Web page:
Double-Pointed Needles Demystified

comments (0) September 19th, 2008     

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Tina_Hilton Tina Hilton, contributor
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Knitting with double-pointed needles is easy-peasy!
Divide the stitches evenly between the four needles.
Go slow and keep your needles in order.
Knitting with double-pointed needles is easy-peasy!

Knitting with double-pointed needles is easy-peasy!

Photo: Tina Hilton

Double-pointed needles (DPNs) are one of those necessary evils of knitting. They are indispensable for knitting tube-shaped things like sleeve cuffs, glove fingers, and typically anything in the round that has too few stitches to work on a circular needle. DPNs have not always been my favorite knitting tools, but I have learned to respect and admire their usefulness. Casting on with DPNs is easy. Using them for making I-cord is a snap. Dividing the cast-on stitches onto separate needles is no problem! Here’s where the trouble begins—let’s say you’ve cast on 28 stitches for the cuff of a toddler sock. You’ve divided the stitches evenly, putting seven stitches on four needles. You take a breath, look out the window, and when you look down, the stitches have twisted and you can’t figure out the order the stitches are positioned on the now-crossed and tangled mess you have in your hand. The only solution is to rip it out and recast on and redistribute without taking your eyes off the prize. Here is a blow-by-blow walk-through to get you started on your DPN journey that will help you through the first critical steps and alleviate the pain and frustration of the process.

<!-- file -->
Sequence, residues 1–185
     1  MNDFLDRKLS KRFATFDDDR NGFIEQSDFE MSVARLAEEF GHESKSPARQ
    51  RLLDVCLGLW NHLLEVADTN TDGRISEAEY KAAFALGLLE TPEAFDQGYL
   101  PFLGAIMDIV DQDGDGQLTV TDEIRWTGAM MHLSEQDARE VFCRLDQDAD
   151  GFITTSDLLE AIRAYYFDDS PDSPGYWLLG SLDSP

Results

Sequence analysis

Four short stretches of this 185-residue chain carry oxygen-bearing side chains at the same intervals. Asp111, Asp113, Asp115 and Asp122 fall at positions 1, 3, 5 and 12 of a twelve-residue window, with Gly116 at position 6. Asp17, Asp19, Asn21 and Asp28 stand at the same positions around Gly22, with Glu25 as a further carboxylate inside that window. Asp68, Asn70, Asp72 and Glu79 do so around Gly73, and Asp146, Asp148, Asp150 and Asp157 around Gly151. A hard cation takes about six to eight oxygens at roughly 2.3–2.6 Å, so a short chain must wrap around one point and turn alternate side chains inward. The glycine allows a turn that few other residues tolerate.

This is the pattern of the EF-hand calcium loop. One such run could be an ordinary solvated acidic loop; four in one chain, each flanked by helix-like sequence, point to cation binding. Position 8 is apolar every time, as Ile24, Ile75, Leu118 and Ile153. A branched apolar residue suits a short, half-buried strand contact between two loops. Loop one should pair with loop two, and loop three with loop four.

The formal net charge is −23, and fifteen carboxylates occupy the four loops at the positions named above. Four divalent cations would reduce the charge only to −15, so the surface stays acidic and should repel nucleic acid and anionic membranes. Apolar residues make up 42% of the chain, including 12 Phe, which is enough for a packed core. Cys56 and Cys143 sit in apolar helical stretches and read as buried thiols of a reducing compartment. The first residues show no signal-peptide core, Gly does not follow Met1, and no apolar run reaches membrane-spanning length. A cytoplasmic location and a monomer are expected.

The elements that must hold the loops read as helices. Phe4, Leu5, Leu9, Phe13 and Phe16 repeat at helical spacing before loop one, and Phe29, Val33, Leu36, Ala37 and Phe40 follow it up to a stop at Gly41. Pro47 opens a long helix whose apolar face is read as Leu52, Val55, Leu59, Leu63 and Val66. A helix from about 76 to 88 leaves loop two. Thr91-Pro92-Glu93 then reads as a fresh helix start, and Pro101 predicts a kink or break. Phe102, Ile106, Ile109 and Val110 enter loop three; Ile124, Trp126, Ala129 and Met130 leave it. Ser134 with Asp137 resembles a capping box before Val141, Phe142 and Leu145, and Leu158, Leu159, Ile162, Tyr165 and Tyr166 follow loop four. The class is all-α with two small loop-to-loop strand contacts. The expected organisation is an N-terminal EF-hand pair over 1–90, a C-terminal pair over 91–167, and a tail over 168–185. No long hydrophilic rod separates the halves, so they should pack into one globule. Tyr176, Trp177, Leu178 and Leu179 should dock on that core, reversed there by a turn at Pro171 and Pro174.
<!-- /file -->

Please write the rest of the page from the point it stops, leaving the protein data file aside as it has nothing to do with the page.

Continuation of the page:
1. First and foremost, relax and breathe.

2. Cast on your stitches according to the pattern instructions, keeping the stitches even and moderately loose.

3.  Make sure that your stitches are not twisted so that the cast-on edge runs along the bottom.

Divide the stitches evenly between the four needles.

4. Slide the stitches to the opposite side of the needle and then divide the stitches evenly between the four needles.

5. It helps to work on a flat surface at a table or a pillow on your lap. I like working at a table with an overturned bowl to rest my needles on. This provides added stability and prevents the needles from accidentally slipping out of the stitches during this wobbly stage. 

Go slow and keep your needles in order.

6. Hold the needle with the first cast-on stitch in your left hand and the needle with the yarn attached in your right hand. Make sure the yarn from the ball does not come up from the center but from the outside. Begin knitting with the fifth needle at this point, making sure you are pulling the yarn tight between the needles.

Keeping the needles close together and the yarn pulled tight will avoid the holes, or "ladders," from forming between the needles.

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